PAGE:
This triangle of care is the result of an ethnographic research conducted with hard pandemic restrictions in Barcelona during 2020. Even if it is based in a bibliography on gender and migration, care and aging, the article is basically empirical. For the interpretation of the debates and discussion groups carried out, we identify here: the elderly person (as we have seen in the interviews in the previous article, Natalia-Ribas Mateos and Herrera 15,“The care debate during the first covid lockout in Barcelona); the caregivers - from family members to hired workers, especially immigrant women- and thirdly, as the third aspect of the triangle, and which remains in this article more blurred, from municipal and health public services. The pandemic highlights the existing systemic inequalities, particularly affecting the elderly, but also migrants and ethnic minorities, people who work in the care sector, and health personnel.
Academic Editor: Ian James Martins, Edith Cowan University.
Checked for plagiarism: Yes
Review by: Single-blind
Copyright © 2023 Natalia Ribas-Mateos, et al.
The authors have declared that no competing interests exist.
Why to look at the triangle from Barcelona
Westood17 points out how many works on ageing and care do not consider diversity, when aging, care and diversity conform the key triangle of contemporary changes in sociological aging challenges. She also adds how this ‘uncritical reliance’ has often led to homogenising narratives. which has often not included questions of diversity in its parameters, has not included representative populations and has not incorporated issues of diversity and/or inequality in its analysis.
Lamas-Abraira1 provides with a contextual vision of the importance of the debates on care, migration and the elderly in diverse areas of the world. The background context revolves around how to resolve definitional ambiguities on the research of gender and migration and to provide and integrated, synthesized overview of the current state of knowledge. The concept of care has been a main axis of research in migration and gender studies. Fisher and Tronto10 explain how care encompasses orientation and practices: it permeates people´s lives and seeks to give continuity, wellbeing and or recovery.
Even if the triangle of care has mostly been analysed in Anglo-Saxon countries, we can consider diversity of care of human beings, which involves our everyday life, but it is also inserted in genderised intersectional power systems. Those care systems are of course conditioned by the historical and cultural contexts which lay behind those systems, in this case referred to the Barcelona case. Of course, such pandemic events were internationally spread. In early 2020, when dominant news reports suggested that COVID-19 was a virus that would target the elderly and vulnerable, many perceived that the brewing pandemic would likely not affect them. For example, the community perception that Black populations in Britain were mostly younger and healthier was compounded by reports- reflective of initial Chinese media channels- that amplified the belief that some people were less susceptible, and would only face flu-like symptoms should they catch the virus. See the exhibition of Open Wounds exhibition | The King's Fund (kingsfund.org.uk)(accessed 12.02.2023).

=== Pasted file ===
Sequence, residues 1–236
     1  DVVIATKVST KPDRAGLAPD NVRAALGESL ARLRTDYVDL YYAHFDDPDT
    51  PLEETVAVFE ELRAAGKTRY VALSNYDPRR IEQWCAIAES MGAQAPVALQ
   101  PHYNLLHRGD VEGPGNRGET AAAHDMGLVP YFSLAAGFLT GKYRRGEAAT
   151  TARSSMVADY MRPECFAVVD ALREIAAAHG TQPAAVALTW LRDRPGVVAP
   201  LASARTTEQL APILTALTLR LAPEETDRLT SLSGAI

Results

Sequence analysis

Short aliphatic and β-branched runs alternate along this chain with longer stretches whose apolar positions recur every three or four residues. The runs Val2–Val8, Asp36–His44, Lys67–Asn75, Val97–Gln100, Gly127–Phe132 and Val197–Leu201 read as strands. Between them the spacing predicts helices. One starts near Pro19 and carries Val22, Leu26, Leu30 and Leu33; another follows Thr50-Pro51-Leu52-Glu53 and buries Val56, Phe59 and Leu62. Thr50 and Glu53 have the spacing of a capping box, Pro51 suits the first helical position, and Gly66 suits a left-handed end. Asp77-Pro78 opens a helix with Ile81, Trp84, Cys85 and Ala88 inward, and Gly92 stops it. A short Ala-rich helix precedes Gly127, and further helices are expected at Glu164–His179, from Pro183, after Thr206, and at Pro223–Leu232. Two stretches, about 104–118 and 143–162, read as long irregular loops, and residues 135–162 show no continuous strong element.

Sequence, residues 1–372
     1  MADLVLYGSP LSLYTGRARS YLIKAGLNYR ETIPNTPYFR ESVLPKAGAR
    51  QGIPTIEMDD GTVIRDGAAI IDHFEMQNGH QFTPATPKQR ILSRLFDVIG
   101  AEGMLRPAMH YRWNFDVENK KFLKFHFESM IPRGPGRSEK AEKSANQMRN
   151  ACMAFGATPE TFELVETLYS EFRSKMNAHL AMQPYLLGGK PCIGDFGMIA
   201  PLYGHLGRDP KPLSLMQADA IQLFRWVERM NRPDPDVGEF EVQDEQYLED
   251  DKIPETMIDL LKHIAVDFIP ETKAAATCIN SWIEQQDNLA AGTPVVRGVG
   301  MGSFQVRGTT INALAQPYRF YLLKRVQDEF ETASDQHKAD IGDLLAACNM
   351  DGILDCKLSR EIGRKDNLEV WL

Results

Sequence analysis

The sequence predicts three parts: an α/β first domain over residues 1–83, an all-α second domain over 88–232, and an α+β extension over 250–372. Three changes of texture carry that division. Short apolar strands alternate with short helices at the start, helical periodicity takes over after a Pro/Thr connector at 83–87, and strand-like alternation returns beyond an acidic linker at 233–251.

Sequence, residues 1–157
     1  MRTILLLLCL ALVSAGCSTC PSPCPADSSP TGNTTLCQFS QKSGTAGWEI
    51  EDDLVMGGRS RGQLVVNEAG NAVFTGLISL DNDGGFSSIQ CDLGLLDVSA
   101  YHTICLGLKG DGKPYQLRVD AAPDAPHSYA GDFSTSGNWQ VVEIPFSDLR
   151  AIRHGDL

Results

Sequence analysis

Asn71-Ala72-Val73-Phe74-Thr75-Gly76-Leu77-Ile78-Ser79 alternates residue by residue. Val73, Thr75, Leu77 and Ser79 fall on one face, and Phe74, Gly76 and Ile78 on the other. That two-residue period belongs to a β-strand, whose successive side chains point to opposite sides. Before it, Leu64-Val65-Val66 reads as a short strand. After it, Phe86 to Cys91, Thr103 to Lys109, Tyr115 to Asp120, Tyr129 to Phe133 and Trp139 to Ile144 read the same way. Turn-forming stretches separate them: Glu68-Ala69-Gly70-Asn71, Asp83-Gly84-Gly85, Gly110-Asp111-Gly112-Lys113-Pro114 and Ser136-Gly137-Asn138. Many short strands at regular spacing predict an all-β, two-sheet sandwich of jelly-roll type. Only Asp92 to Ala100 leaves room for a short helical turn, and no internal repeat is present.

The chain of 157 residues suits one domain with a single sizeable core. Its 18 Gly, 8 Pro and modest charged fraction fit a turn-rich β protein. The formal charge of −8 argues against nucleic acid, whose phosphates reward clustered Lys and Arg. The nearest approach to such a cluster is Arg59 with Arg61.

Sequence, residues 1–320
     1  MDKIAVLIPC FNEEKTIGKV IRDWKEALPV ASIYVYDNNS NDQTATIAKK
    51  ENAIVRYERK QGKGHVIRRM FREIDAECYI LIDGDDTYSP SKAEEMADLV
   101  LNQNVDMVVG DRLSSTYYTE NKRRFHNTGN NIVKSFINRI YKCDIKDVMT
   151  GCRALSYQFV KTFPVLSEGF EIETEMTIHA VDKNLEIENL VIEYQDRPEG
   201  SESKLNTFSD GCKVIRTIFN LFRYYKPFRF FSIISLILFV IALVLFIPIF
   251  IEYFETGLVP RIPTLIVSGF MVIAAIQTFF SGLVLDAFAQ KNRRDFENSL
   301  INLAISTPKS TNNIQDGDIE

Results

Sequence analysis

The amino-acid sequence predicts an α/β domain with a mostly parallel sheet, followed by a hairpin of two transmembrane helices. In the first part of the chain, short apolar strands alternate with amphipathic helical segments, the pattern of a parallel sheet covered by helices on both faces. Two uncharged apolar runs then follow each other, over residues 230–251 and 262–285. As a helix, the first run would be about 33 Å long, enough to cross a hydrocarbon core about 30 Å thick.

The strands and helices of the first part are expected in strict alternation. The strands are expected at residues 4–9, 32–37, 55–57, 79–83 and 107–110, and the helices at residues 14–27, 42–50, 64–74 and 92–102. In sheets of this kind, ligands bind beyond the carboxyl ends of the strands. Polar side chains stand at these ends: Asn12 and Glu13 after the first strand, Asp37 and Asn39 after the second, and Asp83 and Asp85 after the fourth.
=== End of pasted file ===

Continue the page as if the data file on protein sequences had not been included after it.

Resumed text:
State of the art: Conceptions of caring for the elderly during the first lockdown (2020)
For this article, we focus on the elderly and how they are cared as a center of reflection. Care work is defined broadly as consisting of activities and relations involved in meeting the physical, psychological and emotional needs of adults and children, old and young, frail and able-bodied. It is understood inside “human capabilities”, they mean “health, skills, or proclivities that are useful to oneself or others”, which include“physical and mental health, physical skills, cognitive skills and emotional skills”. Similarly, Standing defines care work as “the work of looking after the physical, psychological, emotional and development needs of one or more other people”.
Two broad kinds of care activities have been defined: first, those that consist of direct, face-to-face, person-care activities, which typically include the work of “nannies”, childcare workers, nurses, doctors, teachers, caregivers in nursing homes for older persons and older person caregivers in private households; and, second, those that do not entail face to-face person-care, such as cleaning, cooking, laundry and other household maintenance tasks.
Firstly, we locate care. The meaning of care for the elderly in the context of welfare regimes and migration in Southern Europe opens new debates on the location of the so-called care crisis and its reading from a gender perspective. Certainly, the social organization of care appears as a matter of crucial importance in the world and the European context during the last decades. In this sense, we are not talking about a new phenomenon, the need for care, but we refer to how the problem regains increasingly greater magnitude and intensity. Especially regarding ways of thinking care of dependents and elderly women, in the chainging realities associated to new demographic, political-social and economic changes, which entail a strong increase in demand; at the same time, we are also witnessing a cut and decrease in social benefits. Furthermore, from the elaborations on social care, the place of care in welfare regimes, and the role of the States to regulate and assume it, associating it with labour markets and immigration regulations that unprotect caregivers, have also gained presence.